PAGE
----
Thomas Chimes: The Body in Spirals at Locks Gallery
November 7 to December 31, 2014
600 Washington Square
Philadelphia, 215 629 1000
Thomas Chimes, long heralded for grand landscape paintings and canvases laden with Greek and Christian symbols, was shown to different effect in a focused exhibition at Lock Gallery late last year of mid-career, predominantly sculptural works. Alluding to an interior world of secrets, irony and obsession, these fastidiously constructed boxes, dating from 1965 to 1973, articulate the literary impulses and ontological states that animate his better-known later works.
After a decade of working in New York, in the 1950s and ‘60s, in a scene still bearing the imprint of Abstract Expressionism, Chimes retreated to his hometown of Philadelphia, slowly embracing a hermetic existence. It was in 1965 that Chimes decided to abandon his explorations as a colorist and began to craft work informed by his deep love of modernist and symbolist literature, his evolving affinity for Surrealism and the enigmatic philosophies and practices of Marcel Duchamp. And yet, the work in the exhibition reveals how much he also felt the need to remain relevant in a technologically driven world. An influential lecture by Marshall McLuhan at the University of Pennsylvania impacted his shift from painting to sculpture, according to art historian Michael Taylor, as well as his deepening personal association with Antonin Artaud, Alfred Jarry, and Duchamp.
Bouts with depression may also have encouraged him to shun the limelight of New York. He found in the confines of Philadelphia a sense of familiarity and the isolation needed to discover who he was. In doing so he was following the edict of Duchamp, who advised young artists to go underground.
The metal boxes are an amalgam of divergent sources: Art Deco, Pop Art and Minimalism. In some instances, they look like mechanical devices that have specific functions: too large to be hand held they nonetheless feel intimate. At the forefront of modern design directives, Chimes’s boxes infused with sexual, electronic and mathematical motifs, are evidence of his “desire for structure and structuring desire.” In tune with the “Sexual Revolution” of his time, Chimes liberally laces his imagery with female and male genitalia, incorporating an eroticized sense of play into his symbolic lexicon. In elegantly structured works like Cathedra (1970) and Untitled (1969), the viewer can get lost in the fluidity of cut and collaged aluminum forms.
It is curious that Chimes segued so effortlessly from painting to metal construction. Yes (1965), a work that marks this transition, contains vestiges of earlier painterly impulses as well as Matisse-like cutout forms, and a configuration of Artaud’s alter ego, Mômo as a bird, are neatly contained within a composition of rectangular and square forms. This is a work that marked Chimes’s transition to constructions. Also during this year, he was commissioned to design the jacket cover for two books by Bettina L. Knapp on the work of Artaud. It is telling that his esteem of Artaud’s life and work predated his decision to move toward making mixed media metal boxes. Possibly Chimes felt that the box form itself served as a vessel/vehicle to sort through new symbols of mysticism and playfulness that emulated Artaud’s aesthetic.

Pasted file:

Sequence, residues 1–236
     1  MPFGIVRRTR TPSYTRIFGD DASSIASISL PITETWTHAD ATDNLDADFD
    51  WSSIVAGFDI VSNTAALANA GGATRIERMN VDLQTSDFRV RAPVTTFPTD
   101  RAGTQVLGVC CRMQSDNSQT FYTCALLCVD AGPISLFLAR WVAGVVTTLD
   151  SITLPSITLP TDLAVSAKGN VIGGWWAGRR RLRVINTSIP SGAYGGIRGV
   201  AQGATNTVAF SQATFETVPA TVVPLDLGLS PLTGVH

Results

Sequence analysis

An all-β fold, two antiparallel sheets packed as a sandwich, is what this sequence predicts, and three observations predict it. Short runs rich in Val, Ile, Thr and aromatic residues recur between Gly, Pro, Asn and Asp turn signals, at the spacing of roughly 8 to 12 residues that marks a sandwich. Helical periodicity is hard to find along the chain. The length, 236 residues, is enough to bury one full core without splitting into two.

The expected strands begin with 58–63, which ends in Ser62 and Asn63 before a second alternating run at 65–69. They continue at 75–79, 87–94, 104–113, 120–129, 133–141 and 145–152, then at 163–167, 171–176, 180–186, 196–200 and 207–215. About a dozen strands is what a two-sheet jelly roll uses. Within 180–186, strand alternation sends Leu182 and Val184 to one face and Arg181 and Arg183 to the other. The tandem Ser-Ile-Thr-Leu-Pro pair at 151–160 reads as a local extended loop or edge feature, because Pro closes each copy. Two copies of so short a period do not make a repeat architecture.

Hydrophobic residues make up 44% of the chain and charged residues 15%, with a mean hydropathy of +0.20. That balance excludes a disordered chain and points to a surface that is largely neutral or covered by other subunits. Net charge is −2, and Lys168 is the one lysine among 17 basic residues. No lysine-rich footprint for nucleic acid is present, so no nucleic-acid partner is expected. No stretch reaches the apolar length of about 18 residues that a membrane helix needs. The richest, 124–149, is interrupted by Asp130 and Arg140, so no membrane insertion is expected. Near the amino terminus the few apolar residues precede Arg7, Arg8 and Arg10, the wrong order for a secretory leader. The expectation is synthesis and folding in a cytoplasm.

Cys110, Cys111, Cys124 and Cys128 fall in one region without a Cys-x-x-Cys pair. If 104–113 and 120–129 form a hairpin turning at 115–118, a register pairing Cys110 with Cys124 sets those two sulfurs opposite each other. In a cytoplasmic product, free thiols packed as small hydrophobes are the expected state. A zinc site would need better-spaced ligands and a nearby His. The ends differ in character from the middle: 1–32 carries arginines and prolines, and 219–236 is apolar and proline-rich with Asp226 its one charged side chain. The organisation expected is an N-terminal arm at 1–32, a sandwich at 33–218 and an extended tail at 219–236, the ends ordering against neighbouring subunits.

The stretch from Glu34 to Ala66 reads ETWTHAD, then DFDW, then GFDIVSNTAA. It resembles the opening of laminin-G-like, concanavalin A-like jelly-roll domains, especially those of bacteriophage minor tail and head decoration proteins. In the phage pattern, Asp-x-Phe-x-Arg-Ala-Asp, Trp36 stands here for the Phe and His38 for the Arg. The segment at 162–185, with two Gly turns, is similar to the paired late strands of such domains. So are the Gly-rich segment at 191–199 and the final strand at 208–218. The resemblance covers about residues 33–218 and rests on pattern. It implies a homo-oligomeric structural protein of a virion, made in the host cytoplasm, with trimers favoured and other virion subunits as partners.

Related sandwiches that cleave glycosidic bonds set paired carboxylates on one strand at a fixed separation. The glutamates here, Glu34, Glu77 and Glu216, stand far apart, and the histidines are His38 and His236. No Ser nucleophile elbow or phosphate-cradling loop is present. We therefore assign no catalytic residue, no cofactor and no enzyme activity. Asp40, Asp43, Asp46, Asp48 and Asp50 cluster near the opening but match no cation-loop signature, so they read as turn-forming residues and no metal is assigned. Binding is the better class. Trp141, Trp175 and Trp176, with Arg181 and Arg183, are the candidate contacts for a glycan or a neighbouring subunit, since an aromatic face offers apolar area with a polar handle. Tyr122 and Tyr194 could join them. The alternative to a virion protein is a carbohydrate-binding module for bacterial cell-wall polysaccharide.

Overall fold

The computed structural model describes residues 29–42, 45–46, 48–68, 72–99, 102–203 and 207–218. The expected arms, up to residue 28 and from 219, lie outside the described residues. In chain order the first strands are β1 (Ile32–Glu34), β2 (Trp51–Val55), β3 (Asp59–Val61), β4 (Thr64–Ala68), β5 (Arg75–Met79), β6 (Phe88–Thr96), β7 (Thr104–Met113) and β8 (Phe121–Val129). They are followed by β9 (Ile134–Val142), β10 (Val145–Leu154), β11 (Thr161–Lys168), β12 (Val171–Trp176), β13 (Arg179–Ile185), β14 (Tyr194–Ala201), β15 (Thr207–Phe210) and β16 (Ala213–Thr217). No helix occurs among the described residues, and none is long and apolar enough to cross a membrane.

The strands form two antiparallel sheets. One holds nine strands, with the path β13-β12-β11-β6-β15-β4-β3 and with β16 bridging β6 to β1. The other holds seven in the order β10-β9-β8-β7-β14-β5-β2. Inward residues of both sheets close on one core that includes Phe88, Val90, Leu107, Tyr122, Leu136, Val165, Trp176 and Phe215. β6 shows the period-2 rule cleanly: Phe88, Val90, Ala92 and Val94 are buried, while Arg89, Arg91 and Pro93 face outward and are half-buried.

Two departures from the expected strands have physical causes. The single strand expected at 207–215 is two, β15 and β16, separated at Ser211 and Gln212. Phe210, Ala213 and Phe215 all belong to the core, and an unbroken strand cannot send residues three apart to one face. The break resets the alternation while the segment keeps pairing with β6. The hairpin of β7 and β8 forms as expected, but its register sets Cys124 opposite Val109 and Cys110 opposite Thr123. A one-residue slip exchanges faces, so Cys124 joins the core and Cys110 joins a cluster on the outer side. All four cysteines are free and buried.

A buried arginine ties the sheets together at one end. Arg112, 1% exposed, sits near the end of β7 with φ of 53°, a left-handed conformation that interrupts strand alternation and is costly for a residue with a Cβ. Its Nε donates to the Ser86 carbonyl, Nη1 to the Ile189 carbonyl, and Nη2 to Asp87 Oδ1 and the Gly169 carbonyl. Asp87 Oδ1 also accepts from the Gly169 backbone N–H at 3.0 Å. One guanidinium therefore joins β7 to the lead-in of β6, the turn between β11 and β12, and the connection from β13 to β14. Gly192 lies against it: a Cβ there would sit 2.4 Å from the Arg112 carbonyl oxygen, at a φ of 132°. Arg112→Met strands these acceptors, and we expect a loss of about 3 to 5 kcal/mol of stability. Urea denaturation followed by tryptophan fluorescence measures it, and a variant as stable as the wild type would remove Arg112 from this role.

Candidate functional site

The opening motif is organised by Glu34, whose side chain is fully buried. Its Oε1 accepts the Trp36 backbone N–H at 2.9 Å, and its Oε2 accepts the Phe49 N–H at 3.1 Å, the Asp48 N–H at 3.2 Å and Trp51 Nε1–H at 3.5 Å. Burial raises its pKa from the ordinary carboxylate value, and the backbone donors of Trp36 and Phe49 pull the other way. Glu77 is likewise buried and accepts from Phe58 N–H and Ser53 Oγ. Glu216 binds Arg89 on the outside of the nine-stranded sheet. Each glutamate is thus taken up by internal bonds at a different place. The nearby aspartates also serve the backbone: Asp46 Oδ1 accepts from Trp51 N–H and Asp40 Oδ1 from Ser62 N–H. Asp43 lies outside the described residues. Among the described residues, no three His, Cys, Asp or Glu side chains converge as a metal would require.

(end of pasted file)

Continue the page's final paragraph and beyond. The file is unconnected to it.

Some of Chimes boxes open, while many are sealed shut with cut away areas, exposing layers of different materials and markings. Engaging in Pataphysics, the anti-theoretical philosophy coined by Alfred Jarry, Chimes throws together fragments of quasi-scientific elements and mathematical diagrams into a jumble that give mere hints to their origin in meaning. Chimes orders these chaotic insignia with humor and aplomb. Works like Exhibition Calculator (1969) evidence an ironic tone, one that pokes fun at the art world itself.
Chimes’s evolving aesthetic was certainly less than linear and not completely sequential. He appears to be driven by ideas and less by the tendency of the time to stick with a signature style. Maybe he was marking time and secretly coding his life traumas and inner secrets. This show ends with a selection of white paintings of moderate size, some of which were like palimpsests of unintelligible script. The hint of landscape behind the vast whiteness of Untitled Rose Landscape (1980), for instance, is indicative of the type of investigations that consumed Chimes until the end of his marriage in 1984 when he expressed his forlorn state in a poem “Winter is white/ Everything is cold/ Mutterings are distant now.”
In addition to landscapes, he revisits the visage of Albert Jarry, a reoccurring portrait within a whitened vapor, as well as the embossed helmeted head of Artaud. It is notable that between his construction series and white paintings from 1979 to the 1990s, Chimes spent nearly a decade devoted to his obsession with literary figures, by painting portraits of such literary illuminati as Jarry, Artaud, André Breton, James Joyce and Robert Lewis Stevenson.
The overarching themes in the esoteric works presented at Locks may sometimes seem to outweigh their delicate and precise execution. In spite of the rigid materials used, however, it is perhaps the appearance of fragility that Chimes intended to portray, alluding to the vulnerability of the human mind and the ephemeral quality of thoughts translated into plastic form.print